After the snow, now comes rain and fog to greet Kentucky drivers. Driving in fog can be extremely dangerous as your vision is impaired. Please be extra careful.
In the Traffic Crash Analysis Report of the Kentucky Transportation Cabinet from 2010-2014, an annual average of 125,771 crashes were recorded, 662 of which were fatal.
Although there is no data reflecting the number of weather-related crashes, environmental factors such as road surface and weather conditions were among those cited as contributing factors.
Related: Is Rain More Dangerous Than Snow And Ice
Driving Safe in Foggy Weather
Don’t underestimate driving in fog. It’s most difficult to drive safely when you cannot see the road clearly. Here are few tips to driving safe in foggy conditions:
- Keep your headlights on. Headlights are designed so others can see you on the road. Make sure they’re turned on when you’re driving in foggy conditions. When fog starts to set in, visibility is reduced in only a matter of seconds. Remember to use your low beam headlights, high-beam headlights will only decrease visibility as light is reflected off of the water vapor and back at your vehicle.
- Drive slow. Fog creates the illusion that you’re driving a lot slower than your actual speed. Avoid accelerating your speed. Check your speedometer every now and then to ensure that you’re within the right speed limit.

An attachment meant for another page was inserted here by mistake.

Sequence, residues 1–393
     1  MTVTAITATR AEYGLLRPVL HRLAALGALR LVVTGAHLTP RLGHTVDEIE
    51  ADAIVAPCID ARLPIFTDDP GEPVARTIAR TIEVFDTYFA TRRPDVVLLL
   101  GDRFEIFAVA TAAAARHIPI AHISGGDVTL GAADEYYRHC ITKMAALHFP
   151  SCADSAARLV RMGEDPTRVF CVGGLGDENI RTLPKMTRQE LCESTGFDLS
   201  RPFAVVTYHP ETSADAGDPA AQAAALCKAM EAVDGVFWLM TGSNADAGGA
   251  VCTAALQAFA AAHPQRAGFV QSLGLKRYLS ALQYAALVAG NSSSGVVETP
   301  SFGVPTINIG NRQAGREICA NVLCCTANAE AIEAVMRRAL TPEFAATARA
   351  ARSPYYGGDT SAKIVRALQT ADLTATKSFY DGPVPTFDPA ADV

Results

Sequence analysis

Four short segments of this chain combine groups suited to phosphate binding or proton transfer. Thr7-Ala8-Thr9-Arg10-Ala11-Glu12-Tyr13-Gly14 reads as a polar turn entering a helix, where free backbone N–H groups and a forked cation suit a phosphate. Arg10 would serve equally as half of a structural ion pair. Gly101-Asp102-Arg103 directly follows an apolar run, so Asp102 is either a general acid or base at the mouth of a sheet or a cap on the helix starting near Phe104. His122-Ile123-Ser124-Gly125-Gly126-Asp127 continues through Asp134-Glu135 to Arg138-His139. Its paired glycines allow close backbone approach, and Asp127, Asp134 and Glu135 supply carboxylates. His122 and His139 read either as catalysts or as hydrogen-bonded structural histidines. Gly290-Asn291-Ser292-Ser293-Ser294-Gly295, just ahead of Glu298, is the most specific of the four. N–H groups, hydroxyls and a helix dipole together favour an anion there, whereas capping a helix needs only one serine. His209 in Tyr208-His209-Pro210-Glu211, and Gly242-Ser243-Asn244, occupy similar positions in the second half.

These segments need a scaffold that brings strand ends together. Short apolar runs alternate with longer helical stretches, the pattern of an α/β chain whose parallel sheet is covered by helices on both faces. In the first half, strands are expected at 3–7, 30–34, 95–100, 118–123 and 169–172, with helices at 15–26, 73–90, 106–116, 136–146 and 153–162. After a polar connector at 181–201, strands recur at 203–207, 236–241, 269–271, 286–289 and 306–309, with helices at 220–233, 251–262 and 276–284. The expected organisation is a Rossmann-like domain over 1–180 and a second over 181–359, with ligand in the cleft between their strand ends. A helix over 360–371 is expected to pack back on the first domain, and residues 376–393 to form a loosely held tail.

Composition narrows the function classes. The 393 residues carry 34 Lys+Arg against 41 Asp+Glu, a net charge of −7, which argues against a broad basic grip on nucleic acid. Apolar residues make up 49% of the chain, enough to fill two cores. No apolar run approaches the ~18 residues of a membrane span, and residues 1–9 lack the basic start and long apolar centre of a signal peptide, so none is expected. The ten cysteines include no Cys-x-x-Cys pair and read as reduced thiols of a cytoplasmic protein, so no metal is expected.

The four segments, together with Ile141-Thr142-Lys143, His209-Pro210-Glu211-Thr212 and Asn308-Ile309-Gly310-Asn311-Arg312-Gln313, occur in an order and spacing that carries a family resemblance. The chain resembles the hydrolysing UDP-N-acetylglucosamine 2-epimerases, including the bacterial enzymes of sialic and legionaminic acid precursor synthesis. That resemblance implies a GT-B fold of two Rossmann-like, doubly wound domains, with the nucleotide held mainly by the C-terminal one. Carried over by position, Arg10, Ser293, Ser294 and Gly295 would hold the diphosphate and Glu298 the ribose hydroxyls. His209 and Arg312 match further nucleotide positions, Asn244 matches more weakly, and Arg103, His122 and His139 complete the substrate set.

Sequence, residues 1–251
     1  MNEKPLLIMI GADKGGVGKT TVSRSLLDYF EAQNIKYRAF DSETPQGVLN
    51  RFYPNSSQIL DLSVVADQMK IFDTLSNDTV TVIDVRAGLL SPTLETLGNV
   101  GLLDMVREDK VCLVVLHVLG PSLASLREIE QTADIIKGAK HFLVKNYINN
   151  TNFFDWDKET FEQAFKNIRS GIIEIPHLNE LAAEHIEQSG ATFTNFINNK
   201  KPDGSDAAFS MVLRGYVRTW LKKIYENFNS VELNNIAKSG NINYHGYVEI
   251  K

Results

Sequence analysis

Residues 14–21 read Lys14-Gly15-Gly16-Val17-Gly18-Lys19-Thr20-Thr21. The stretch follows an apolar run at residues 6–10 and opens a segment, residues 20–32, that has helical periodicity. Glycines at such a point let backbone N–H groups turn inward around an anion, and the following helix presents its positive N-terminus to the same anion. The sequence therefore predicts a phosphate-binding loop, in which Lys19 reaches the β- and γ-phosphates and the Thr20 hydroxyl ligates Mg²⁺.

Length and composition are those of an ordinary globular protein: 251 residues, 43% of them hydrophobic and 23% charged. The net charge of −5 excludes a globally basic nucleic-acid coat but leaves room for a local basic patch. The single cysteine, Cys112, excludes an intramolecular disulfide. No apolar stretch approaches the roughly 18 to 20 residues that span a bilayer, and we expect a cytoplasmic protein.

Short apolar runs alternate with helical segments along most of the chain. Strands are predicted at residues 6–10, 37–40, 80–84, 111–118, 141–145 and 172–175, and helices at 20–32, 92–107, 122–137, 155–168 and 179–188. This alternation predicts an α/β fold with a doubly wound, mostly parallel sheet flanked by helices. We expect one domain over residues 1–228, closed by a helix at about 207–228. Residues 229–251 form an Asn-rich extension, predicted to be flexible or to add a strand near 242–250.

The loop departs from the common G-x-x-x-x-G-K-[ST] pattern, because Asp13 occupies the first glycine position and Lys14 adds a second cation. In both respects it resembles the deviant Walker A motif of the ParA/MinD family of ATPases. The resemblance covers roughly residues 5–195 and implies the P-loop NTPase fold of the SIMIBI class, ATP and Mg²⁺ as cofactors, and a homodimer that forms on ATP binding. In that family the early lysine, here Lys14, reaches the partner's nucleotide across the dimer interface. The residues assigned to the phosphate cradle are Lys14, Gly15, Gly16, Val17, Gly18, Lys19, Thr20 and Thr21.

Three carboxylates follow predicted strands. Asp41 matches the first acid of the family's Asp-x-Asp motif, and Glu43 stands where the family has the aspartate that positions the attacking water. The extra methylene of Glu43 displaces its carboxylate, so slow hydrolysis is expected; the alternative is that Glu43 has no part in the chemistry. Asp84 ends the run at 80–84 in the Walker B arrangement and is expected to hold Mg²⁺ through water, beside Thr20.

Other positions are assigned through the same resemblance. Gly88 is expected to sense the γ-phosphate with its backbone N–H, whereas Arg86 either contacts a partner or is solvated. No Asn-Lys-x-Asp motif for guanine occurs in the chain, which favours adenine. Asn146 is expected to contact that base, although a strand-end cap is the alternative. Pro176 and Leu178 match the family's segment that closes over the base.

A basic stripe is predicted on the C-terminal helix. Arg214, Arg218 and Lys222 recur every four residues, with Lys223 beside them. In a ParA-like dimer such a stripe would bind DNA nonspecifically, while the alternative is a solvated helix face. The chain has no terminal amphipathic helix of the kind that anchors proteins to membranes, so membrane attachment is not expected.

- Increase your distance with other vehicles. Some drivers feel it’s easier to get closer to the vehicle in front of them so they’d see them better. However, this shouldn’t be the case. If it’s hard to see other vehicles you’re sharing the road with, it’s best to keep longer distance.
- Know your fog lights better. If your car has fog lights, take time to know how to operate them. Use them appropriately. Some drivers feel reluctant of using theirs as they’re worried about blinding other motorists. These tools are made to help you see the road better and for others drivers to see you.
- Never stop on the road. No matter what happens, don’t stop on the road. Instead, pull over and get as far as you can from the traffic. Turn your lights off so approaching drivers don’t think you’re still driving. Also, stay buckled up.